The State of the Chávez-Capriles Race, Or Is Hope Springing in Venezuela?
Unnoticed by many, there is another crucial election taking place in our
hemisphere this fall–this Sunday in fact. Fourteen-year incumbent president
Hugo Chávez (who re-wrote the Venezuelan constitution to allow him to run for
unlimited terms of office–in effect to become President for Life) is facing
off against former Mariana province governor Enrique Capriles Rodanski. Given
Chávez’ legendarily tight grip on his country’s failing democracy, many have
considered the race a farce–a foregone conclusion that might satisfy the Carter
Center but would fool no one else. It would in effect be the death knell
for freedom in Venezuela.
Yet it turns out that democracy might not be as tender of a flower as we
Mr. Capriles, despite facing dauntingly unequal access to airtime and the
relentless persecution of both himself and his campaign operatives (three
were shot by Chavista thugs last week), has captured the public
imagination. Young and energetic, he makes a stark contrast with the ailing Mr.
Chávez , whose weakened state makes his standard campaign shtick–cavorting
onstage, singing to the moon–a sort of danse macabre. More importantly,
Mr. Capriles offers a new sort of political platform, one that combines Chávez
more popular social programs (reformed and vetted for corruption) with a return
to the free market principles that were the original basis of Venezuela’s
prosperity. His message is resonating, and while polls in Venezuela are not
exactly reliable, the gap with Chávez is narrowing and some even show the challenger
ahead (see the numbers at the
end of this article). Clearly the two headed to a close race on Sunday, and
there is a real chance of an upset.
Why, you may ask, should this be of consuming interest to the United States?
The Middle East is on fire and we are facing bleak times at home. While it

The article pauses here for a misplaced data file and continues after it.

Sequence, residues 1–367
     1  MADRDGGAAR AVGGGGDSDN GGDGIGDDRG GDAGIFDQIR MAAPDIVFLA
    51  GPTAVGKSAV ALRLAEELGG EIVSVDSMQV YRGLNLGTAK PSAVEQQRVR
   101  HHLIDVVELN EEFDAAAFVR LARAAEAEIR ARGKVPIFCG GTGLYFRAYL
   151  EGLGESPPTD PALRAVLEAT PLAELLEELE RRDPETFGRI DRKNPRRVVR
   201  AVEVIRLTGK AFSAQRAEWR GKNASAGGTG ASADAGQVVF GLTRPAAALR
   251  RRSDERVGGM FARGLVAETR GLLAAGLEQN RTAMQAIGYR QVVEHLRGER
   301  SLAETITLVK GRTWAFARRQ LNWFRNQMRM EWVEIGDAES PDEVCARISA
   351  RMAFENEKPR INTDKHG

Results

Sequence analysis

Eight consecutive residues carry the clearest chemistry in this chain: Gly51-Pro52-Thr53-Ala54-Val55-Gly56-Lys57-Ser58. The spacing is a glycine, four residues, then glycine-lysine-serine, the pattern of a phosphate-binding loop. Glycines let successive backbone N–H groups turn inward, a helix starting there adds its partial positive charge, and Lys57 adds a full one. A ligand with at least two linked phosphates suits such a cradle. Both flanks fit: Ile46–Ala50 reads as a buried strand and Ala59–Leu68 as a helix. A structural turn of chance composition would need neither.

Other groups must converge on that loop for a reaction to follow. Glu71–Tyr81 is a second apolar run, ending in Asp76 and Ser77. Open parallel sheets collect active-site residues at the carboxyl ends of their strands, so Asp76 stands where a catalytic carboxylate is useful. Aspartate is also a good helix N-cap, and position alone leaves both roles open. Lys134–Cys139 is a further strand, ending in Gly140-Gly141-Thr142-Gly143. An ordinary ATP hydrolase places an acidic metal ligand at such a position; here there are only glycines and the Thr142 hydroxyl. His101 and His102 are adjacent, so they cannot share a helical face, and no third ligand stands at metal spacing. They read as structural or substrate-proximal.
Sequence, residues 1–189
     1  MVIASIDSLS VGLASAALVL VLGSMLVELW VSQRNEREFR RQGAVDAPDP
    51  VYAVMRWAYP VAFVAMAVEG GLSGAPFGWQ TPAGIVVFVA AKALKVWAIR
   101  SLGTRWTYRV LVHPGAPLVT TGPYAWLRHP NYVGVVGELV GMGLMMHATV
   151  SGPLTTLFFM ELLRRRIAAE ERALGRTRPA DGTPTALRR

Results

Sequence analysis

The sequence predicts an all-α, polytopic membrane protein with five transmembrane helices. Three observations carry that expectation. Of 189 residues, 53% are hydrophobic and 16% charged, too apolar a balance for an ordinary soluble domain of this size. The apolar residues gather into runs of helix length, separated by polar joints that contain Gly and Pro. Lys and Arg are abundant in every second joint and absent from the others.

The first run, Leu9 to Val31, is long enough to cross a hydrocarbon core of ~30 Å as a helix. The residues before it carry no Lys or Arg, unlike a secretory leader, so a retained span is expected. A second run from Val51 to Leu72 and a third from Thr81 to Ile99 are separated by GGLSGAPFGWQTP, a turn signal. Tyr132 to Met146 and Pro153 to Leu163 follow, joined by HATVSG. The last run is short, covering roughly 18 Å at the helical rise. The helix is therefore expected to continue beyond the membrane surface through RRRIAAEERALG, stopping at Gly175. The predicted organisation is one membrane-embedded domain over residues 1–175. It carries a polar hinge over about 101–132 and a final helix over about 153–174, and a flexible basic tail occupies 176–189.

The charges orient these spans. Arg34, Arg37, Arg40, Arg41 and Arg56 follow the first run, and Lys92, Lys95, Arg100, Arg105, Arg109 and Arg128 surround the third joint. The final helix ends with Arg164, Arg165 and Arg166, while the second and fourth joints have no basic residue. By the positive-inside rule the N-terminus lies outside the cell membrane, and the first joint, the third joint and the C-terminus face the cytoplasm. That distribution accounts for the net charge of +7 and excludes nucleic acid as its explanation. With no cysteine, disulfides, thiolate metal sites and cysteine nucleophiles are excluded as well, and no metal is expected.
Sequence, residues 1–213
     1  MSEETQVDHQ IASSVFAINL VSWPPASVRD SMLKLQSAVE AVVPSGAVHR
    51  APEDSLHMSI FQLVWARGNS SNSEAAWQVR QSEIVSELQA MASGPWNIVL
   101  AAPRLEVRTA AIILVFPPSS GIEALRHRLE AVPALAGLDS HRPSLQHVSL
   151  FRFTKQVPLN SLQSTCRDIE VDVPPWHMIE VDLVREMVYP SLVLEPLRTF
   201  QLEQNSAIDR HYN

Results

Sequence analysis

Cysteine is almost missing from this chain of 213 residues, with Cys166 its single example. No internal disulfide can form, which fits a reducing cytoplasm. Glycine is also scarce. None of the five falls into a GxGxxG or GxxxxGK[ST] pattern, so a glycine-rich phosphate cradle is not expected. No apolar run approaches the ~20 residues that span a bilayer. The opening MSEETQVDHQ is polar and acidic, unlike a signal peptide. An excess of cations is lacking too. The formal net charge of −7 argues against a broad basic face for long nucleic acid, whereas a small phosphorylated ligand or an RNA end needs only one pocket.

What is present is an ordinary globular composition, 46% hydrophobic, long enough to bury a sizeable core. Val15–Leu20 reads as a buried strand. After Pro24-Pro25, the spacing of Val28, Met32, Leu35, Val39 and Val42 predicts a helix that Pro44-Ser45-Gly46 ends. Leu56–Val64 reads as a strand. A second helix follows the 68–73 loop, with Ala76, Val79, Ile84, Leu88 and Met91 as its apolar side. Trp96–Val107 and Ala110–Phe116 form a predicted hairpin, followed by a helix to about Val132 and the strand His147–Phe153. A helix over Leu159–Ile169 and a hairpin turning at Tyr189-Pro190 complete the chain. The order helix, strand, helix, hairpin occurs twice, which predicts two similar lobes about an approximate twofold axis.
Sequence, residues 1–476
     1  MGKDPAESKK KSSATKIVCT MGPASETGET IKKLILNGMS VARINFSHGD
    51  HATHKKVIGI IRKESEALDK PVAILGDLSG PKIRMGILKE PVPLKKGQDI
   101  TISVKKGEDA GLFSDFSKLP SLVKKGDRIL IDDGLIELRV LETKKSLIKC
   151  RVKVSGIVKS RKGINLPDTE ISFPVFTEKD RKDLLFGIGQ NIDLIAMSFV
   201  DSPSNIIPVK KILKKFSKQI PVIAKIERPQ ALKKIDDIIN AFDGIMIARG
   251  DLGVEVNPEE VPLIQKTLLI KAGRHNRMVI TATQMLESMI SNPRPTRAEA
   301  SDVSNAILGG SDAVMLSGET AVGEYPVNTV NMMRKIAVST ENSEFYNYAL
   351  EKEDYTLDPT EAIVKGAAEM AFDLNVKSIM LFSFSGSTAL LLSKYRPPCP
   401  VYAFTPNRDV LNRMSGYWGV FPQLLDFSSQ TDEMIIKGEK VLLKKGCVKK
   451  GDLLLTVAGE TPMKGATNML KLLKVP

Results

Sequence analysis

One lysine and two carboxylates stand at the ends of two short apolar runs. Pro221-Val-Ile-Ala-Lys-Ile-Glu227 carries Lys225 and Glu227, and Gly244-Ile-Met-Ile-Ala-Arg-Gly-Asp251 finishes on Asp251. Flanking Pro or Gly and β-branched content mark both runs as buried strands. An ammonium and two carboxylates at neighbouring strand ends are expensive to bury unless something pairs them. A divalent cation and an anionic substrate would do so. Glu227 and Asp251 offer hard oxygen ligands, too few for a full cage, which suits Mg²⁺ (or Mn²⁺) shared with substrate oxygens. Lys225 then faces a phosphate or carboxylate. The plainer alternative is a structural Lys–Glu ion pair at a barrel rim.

would be nice to have Chavez gone and basic freedoms restored to Venezuelans,
should this really be a high priority?
Yes it should, for several reasons Mr. Capriles articulated this week. He
has started to talk about his foreign policy, and has pledged
to mend the tattered relationship with our close ally Colombia, which would
be a great help in finally eradicating the troublesome terrorist groups Mr.
Chavez has funded on the Venezuela-Colombia border for so long. In addition,
Mr. Capriles has indicated he would distance himself from the close
relationship Mr. Chávez has forged with Iran over the last decade. This would
be a massive gain for the United States as Venezuela has served as a financial
clearing house for Iran, helping it evade the economic sanctions we hope will
deter its nuclear ambitions. In addition, there are unsavory reports that
Chávez has been allowing Iranian Hezbollah proxies to train on Margarita Island–an activity that could have grave security consequences for the United
In addition, Mr. Capriles’ election stands to have a very positive effect on
all of us: it could make a meaningful reduction in gas prices. As the Financial
Times reports today, Mr. Capriles proposes to double Venezuela’s oil output
as part of his 100 day manifesto, an increase that would have a substantial
impact on crude prices. And he would do it in a business-friendly way that
would bring more prosperity and industry reinvestment to Venezuela.
It should be born in mind that Mr. Capriles may not be a perfect ally–he is
certainly center-left, not a right-wing candidate, but his positives hugely
outweigh his negatives, and a number of them have highly-desirable
ramifications for the United States. And his election should give us all hope
that amid the missteps and disappointments we have witnessed in the progress of
democracy around the globe over the past few years, this story can still have a
happy ending. Even after a fourteen-year starvation diet, democracy is alive in
Venezuela, and may only require the spark of this election to flourish again.
Victoria Coates is an adjunct fellow at the Foundation for the Defense of Democracies.